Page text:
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Whidbey ferry patrons go hungry

Washington State Ferries announced the winning vendors who will take over food service on state ferries, but Whidbey Island riders will be packing their lunches indefinitely.

According to ferry spokesperson Pat Patterson, no one submitted viable proposals for either run.

Michael Cho, president of CDX Corporation in Mukilteo, takes exception to that assessment.

Cho was the sole vendor who bid on the Mukilteo/Clinton run. He had proposed serving a “grab and go” type full menu, but said the ferry system rejected his proposal for two reasons: the run was too short for a full menu, and he was requesting to use special equipment which would not be interchangeable with other boats if the system had to take a Mukilteo ferry to another route.

Cho disagrees with the vendor selection panel’s decision, and hopes the two sides can still work out an agreement.

“We haven’t given up the pursuit yet,” he said. “We’re still in the game.”

Cho said he has studied the requirements of the route and believes he can serve breakfast items, hamburgers, hot dogs, even pizza and espresso on the 20 minute crossing.

Cho also said he met with previous galley workers, who agreed his fast food-type full menu concept would work on the route. While the riding time is short, crews could be prepping food while the boat is loading and unloading and still deliver a fresh product.

And, he is willing to reduce the menu if it proves to be unworkable.

The second concern, regarding the ability to switch ferries, came as a surprise to Cho.

The ferry system has been saying since January, when galleys closed after Sodexho opted out of its contract, that it wanted to focus on fresh, locally produced food. Cho said ferry officials also asked for capital improvement suggestions for the galleys. He suggested adding an espresso machine — something Sodexho didn’t offer — and a conveyor-type oven for faster cooking.

Cho feels he is being penalized for doing what the ferry system requested. He offered to outfit three ferries with the same “concept specific” equipment, but his offer was turned down.

What troubles Cho most though is that he offered State Ferries 10 percent of CDX’s gross revenue, and scored high in the preliminary round in the financial area.

The ferry system worked out separate revenue sharing agreements with winning vendors Cascade Concession Services from Vancouver, Wash. and Sound Food Cafe, Bakery & Wine Bar of Vashon Island.

Cascade Concession will pay the ferries 7 percent of the first $5 million of annual gross revenues and 10 percent of annual gross revenues over $5 million, plus an additional amount up to 5 percent towards vessel galley upgrades.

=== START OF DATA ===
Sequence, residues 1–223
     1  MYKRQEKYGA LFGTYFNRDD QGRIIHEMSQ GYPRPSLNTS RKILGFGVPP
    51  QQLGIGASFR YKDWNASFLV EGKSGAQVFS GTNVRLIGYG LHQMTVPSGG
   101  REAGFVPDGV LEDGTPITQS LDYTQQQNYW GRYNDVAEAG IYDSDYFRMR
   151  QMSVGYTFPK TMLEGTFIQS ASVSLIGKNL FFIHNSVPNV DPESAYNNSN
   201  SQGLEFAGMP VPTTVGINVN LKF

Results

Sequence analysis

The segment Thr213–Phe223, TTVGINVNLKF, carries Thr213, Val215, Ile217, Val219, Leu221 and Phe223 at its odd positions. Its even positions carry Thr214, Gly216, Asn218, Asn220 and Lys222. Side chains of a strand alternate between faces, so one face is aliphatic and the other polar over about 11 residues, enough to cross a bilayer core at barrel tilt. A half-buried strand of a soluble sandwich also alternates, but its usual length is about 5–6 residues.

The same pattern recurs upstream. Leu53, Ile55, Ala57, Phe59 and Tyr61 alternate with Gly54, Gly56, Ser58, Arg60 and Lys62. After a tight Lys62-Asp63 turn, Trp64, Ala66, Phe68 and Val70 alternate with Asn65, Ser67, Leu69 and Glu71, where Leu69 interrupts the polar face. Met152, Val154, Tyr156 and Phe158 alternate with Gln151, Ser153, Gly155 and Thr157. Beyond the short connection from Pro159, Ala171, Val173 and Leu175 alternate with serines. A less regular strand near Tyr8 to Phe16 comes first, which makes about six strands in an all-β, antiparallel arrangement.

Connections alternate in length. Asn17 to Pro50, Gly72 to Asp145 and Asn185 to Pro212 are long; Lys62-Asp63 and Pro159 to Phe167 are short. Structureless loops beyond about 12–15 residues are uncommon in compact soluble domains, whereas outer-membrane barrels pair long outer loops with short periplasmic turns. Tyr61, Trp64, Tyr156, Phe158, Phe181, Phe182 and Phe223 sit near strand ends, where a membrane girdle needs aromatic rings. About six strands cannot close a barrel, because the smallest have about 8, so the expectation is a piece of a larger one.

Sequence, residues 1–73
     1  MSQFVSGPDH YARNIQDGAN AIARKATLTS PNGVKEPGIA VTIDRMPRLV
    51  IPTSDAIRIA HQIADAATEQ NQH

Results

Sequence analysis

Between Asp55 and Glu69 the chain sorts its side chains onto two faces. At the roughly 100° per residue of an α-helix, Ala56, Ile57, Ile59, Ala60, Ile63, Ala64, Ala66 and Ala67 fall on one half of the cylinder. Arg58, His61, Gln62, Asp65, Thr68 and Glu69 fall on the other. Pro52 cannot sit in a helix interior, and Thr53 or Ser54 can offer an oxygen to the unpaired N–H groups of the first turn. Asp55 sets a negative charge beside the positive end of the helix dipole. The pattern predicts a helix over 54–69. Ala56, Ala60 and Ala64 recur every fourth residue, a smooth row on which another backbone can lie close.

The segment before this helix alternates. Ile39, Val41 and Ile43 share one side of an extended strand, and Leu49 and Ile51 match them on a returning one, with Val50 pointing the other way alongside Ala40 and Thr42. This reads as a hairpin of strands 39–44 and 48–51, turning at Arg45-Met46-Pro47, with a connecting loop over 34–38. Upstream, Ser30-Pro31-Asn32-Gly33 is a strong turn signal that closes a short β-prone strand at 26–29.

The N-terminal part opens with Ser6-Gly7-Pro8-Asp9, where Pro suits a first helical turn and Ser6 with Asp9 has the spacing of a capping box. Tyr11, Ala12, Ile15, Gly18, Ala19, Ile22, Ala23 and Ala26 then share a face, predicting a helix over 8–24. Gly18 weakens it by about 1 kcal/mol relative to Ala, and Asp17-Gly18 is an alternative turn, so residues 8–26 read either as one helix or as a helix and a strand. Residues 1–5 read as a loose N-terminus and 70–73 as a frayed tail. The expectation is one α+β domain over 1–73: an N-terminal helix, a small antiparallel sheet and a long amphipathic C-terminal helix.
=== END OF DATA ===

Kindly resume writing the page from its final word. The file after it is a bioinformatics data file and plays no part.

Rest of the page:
It will provide food service on the Seattle/Bremerton, Seattle/Bainbridge Island and Edmonds/Kingston routes year round, and the Anacortes/San Juan routes from June through August.

Through Labor Day, Sound Food Cafe will pay the ferry system a $1,000 per month rental fee plus additional costs to serve the Fauntleroy/Vashon/Southworth route.

“This is much less than would have been paid under the former contractor but better embraces the business opportunity that was a significant money loser for the previous concessionaire,” Brian Volkert, state ferries business development manager, said in a press release Monday.

Rick Unrue, owner of the Belmont Hotel and Restaurant in Port Townsend, was the sole bidder to propose serving the Keystone/Port Townsend route, but he was also rejected.

A “Non-selection notice” from WSF stated that Unrue’s proposal was not comprehensive enough and that it would take an “inordinate amonut of time and effort for BH&U (Unrue’s company) to correct tis proposal deficiencies …” Although Unrue, like CDS, was selected in the preliminary round, the notice said the proposal did not address issues such as management, operations, menu and pricing.

Unrue had planned on offering a “Taste of Port Townsend” selection of menu items from local restaurants, wineries and breweries. He thinks one of the deficiencies the ferry system is talking about is the lack of Port Townsend vendors actually signed on to the plan.

The decision did not come as a surprise to Unrue, and ferry officials had told him several weeks ago that they might not bring up food service on the outlying routes right away. The notice stated that as well.

“I’m not torn up about it, but a lot of people in the community hoped we could get the contract,” Unrue said.

Unrue is also not ruling out the possibility of providing food service on the route in the near future. He said ferry officials agreed to revisit his proposal at a later date, and may use the Vashon run as a model for food service on the Keystone route. It is also based on using fresh foods from local restaurants and bakeries.

Resumption of any food service is dependent on concessionaires reaching a labor agreement with the Inlandboatmen’s Union, as galley workers are union members.

Patterson said the ferry system has learned through this process that the old full service model is problematic, but said they are working to provide food on all routes, including those serving Whidbey Island.

“We won’t rest until we have food service on all routes,” she said.

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